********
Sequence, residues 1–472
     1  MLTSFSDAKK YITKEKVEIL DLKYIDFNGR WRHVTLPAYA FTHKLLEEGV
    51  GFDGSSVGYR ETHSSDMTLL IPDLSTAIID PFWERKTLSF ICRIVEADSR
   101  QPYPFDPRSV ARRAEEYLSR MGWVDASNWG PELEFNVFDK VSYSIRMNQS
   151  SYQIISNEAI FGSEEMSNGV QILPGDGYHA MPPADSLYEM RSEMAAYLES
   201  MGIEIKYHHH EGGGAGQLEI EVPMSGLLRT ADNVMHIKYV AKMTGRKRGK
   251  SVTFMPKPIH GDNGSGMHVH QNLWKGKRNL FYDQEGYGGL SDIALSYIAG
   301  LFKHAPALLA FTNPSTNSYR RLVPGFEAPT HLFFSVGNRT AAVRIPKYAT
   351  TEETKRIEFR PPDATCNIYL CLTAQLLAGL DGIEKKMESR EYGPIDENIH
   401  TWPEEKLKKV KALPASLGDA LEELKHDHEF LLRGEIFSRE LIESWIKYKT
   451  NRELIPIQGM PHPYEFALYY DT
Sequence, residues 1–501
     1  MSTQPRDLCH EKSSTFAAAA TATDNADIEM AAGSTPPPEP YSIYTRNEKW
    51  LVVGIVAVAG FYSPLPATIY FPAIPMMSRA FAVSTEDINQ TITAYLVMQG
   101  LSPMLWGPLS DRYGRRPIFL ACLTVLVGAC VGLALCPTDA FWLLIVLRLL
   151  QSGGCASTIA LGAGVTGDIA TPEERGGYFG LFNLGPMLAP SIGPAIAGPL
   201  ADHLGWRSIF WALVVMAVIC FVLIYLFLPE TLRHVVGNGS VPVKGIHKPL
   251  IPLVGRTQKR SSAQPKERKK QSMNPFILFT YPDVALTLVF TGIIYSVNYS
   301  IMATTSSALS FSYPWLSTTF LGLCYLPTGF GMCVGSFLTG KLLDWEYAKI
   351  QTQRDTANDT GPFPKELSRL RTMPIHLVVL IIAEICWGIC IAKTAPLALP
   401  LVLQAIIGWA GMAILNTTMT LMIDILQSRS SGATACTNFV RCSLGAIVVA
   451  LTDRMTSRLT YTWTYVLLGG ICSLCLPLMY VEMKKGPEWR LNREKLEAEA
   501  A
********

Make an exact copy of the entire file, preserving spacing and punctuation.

Sequence, residues 1–472
     1  MLTSFSDAKK YITKEKVEIL DLKYIDFNGR WRHVTLPAYA FTHKLLEEGV
    51  GFDGSSVGYR ETHSSDMTLL IPDLSTAIID PFWERKTLSF ICRIVEADSR
   101  QPYPFDPRSV ARRAEEYLSR MGWVDASNWG PELEFNVFDK VSYSIRMNQS
   151  SYQIISNEAI FGSEEMSNGV QILPGDGYHA MPPADSLYEM RSEMAAYLES
   201  MGIEIKYHHH EGGGAGQLEI EVPMSGLLRT ADNVMHIKYV AKMTGRKRGK
   251  SVTFMPKPIH GDNGSGMHVH QNLWKGKRNL FYDQEGYGGL SDIALSYIAG
   301  LFKHAPALLA FTNPSTNSYR RLVPGFEAPT HLFFSVGNRT AAVRIPKYAT
   351  TEETKRIEFR PPDATCNIYL CLTAQLLAGL DGIEKKMESR EYGPIDENIH
   401  TWPEEKLKKV KALPASLGDA LEELKHDHEF LLRGEIFSRE LIESWIKYKT
   451  NRELIPIQGM PHPYEFALYY DT
Sequence, residues 1–501
     1  MSTQPRDLCH EKSSTFAAAA TATDNADIEM AAGSTPPPEP YSIYTRNEKW
    51  LVVGIVAVAG FYSPLPATIY FPAIPMMSRA FAVSTEDINQ TITAYLVMQG
   101  LSPMLWGPLS DRYGRRPIFL ACLTVLVGAC VGLALCPTDA FWLLIVLRLL
   151  QSGGCASTIA LGAGVTGDIA TPEERGGYFG LFNLGPMLAP SIGPAIAGPL
   201  ADHLGWRSIF WALVVMAVIC FVLIYLFLPE TLRHVVGNGS VPVKGIHKPL
   251  IPLVGRTQKR SSAQPKERKK QSMNPFILFT YPDVALTLVF TGIIYSVNYS
   301  IMATTSSALS FSYPWLSTTF LGLCYLPTGF GMCVGSFLTG KLLDWEYAKI
   351  QTQRDTANDT GPFPKELSRL RTMPIHLVVL IIAEICWGIC IAKTAPLALP
   401  LVLQAIIGWA GMAILNTTMT LMIDILQSRS SGATACTNFV RCSLGAIVVA
   451  LTDRMTSRLT YTWTYVLLGG ICSLCLPLMY VEMKKGPEWR LNREKLEAEA
   501  A